We saw what I think is a chiton (the "ch" is pronounced with a "k" sound) yesterday at Sunnyside Beach in Steilacoom, WA, and it was alive! Though we had seen an empty chiton shell before, we had never seen one that was alive. On the bottom side there was a foot.  Here is an except from Wikipedia's page on chitons:
Chitons have a dorsal shell which is composed of eight separate shell plates or valves. These plates overlap somewhat at the front and back edges, and yet the plates articulate well with one another. Because of this, although the plates provide good protection for impacts from above, they nonetheless permit the chiton to flex upward when needed for locomotion over uneven surfaces, and also the animal can slowly curl up into a ball when it is dislodged from the underlying surface. The shell plates are surrounded by a structure known as a girdle.
Here is the shell of one we saw back on September 22, 2010:

According to Wikipedia, chitons have "a dorsal shell
which is composed of eight separate shell plates or valves."

Below is the live one seen yesterday, on March 22, 2011:

See it's foot?  Wikipedia says, "A chiton creeps
 along slowly on a muscular foot. They have considerable
power of adhesion and can cling to rocks very powerfully,
like a limpet."


  1. You are absolutely right - that is a chiton. They are very intriquing animals - don't look like much at first, but as you get to know them you discover how phenomenal they really are. They like to return to what I call their "parking place" after they've been out cruising and scraping seaweed off the rocks for their meal. On the outer coast, With time, their shells wear a depression into the rock where they park so that they have a cozy little nook to hide out in when at rest.The west coast has bragging rights, as we have the largest chiton species in the world here - the Gumboot Chiton. The largest of these is about the size of half a football!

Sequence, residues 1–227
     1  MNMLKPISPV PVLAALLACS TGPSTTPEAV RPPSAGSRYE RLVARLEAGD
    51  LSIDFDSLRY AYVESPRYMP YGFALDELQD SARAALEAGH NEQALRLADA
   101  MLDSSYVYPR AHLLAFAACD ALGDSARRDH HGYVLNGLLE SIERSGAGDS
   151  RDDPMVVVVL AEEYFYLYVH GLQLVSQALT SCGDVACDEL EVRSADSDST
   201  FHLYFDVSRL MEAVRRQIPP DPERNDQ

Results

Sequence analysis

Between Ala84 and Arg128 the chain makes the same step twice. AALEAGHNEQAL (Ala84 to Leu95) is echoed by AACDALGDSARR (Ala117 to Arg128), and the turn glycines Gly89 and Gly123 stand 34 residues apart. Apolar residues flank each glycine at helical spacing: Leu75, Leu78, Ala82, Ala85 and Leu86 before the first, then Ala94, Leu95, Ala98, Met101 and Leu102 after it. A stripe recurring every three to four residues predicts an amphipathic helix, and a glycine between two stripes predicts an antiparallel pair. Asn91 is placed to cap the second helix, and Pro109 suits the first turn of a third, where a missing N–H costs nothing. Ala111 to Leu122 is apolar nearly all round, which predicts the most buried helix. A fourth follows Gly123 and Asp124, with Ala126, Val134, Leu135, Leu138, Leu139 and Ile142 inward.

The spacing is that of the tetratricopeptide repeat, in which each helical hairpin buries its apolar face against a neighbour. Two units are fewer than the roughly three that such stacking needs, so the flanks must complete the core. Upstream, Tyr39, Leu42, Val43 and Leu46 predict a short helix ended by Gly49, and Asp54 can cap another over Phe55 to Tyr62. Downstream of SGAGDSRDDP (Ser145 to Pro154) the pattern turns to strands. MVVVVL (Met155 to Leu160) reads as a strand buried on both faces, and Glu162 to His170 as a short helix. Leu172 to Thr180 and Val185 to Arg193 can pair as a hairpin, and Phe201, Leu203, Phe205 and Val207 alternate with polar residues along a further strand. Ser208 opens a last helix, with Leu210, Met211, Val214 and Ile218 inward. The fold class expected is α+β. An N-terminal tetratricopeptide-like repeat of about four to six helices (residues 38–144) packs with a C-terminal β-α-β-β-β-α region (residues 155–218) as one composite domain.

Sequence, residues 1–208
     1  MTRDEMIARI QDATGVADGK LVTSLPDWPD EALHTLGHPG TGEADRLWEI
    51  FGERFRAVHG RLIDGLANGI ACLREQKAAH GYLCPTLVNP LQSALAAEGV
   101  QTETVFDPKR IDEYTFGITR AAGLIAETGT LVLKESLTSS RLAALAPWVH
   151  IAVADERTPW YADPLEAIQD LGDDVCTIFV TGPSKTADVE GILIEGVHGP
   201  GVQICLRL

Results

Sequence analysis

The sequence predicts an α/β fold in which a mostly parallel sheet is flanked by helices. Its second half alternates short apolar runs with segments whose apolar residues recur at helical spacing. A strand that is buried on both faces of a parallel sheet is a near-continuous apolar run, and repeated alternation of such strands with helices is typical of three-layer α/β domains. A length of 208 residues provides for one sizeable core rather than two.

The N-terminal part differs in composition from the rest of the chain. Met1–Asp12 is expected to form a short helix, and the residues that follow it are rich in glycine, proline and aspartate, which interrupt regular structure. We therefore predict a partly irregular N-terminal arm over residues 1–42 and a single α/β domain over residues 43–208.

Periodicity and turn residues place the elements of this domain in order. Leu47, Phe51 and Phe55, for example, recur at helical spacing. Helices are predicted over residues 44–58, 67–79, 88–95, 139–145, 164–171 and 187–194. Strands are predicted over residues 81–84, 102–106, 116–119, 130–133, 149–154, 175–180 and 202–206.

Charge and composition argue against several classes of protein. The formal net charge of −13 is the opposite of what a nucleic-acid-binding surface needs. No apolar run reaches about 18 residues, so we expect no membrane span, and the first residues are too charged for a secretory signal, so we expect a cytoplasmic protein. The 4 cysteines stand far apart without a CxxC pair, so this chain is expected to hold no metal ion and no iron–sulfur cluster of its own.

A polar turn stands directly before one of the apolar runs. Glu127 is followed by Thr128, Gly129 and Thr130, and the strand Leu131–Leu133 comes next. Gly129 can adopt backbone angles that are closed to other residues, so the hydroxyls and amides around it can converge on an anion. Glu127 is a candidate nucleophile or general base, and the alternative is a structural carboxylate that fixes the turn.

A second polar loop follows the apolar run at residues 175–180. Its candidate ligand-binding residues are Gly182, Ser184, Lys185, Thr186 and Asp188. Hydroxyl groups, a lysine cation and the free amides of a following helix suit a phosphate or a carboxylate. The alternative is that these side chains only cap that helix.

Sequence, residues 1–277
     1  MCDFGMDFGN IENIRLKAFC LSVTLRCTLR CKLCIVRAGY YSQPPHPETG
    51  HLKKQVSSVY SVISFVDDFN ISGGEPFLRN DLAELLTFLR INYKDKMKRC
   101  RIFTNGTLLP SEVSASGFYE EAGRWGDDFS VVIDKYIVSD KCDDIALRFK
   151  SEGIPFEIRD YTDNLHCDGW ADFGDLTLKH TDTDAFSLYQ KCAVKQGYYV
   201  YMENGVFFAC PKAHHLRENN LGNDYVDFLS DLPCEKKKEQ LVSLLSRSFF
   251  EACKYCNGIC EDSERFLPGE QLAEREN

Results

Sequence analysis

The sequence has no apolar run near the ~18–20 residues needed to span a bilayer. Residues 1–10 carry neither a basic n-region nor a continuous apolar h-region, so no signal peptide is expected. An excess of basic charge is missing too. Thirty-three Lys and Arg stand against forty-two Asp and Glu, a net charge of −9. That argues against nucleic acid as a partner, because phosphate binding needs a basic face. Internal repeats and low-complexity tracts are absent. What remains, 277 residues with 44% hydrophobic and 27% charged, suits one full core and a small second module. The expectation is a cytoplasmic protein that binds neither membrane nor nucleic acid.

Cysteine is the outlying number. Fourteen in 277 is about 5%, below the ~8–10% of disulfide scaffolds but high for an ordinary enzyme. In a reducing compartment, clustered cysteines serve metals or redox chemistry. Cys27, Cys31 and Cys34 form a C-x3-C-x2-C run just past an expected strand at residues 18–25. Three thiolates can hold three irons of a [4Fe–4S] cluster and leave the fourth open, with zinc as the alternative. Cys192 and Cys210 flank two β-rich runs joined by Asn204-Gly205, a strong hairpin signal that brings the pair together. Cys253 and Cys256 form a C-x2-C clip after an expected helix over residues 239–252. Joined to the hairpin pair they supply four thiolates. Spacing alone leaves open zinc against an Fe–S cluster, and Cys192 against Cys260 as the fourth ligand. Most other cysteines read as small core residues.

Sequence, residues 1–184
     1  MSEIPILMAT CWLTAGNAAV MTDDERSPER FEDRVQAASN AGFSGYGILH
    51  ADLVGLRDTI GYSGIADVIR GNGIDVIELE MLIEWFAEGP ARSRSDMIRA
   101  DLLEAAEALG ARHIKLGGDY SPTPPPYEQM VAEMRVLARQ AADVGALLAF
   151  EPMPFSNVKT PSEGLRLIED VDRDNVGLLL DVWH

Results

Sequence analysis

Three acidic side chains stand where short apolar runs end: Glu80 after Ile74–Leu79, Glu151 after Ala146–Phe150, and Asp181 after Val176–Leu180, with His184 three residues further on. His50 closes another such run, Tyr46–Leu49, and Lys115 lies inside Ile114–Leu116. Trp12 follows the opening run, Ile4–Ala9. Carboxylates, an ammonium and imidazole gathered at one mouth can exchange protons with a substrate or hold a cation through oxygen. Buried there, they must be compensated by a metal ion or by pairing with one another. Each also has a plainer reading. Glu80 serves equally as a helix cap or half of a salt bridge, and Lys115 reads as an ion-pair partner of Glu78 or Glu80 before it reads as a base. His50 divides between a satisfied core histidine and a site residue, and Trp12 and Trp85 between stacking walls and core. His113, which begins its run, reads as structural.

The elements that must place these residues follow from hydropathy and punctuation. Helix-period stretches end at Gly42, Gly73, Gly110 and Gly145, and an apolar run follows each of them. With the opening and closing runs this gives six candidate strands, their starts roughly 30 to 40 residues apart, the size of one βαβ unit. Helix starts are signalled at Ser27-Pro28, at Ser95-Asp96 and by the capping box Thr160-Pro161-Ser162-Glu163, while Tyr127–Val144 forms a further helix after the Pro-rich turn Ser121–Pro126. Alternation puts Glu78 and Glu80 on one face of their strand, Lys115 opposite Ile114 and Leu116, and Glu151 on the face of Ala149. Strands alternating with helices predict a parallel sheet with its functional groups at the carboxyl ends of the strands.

2. Oh, wow! That's so big! And that's so neat about them returning to their "parking place" like that. Thank you for sharing all of that information with us. My children will be interested to hear this, too. :-)

  3. p.s. and thank you, too, for confirming that this is a chiton. :D

  4. Wow! I've never seen one of those "live"! It must have been fun. :)

  5. wonderful pics! and i like the "unschooling" family thing :).


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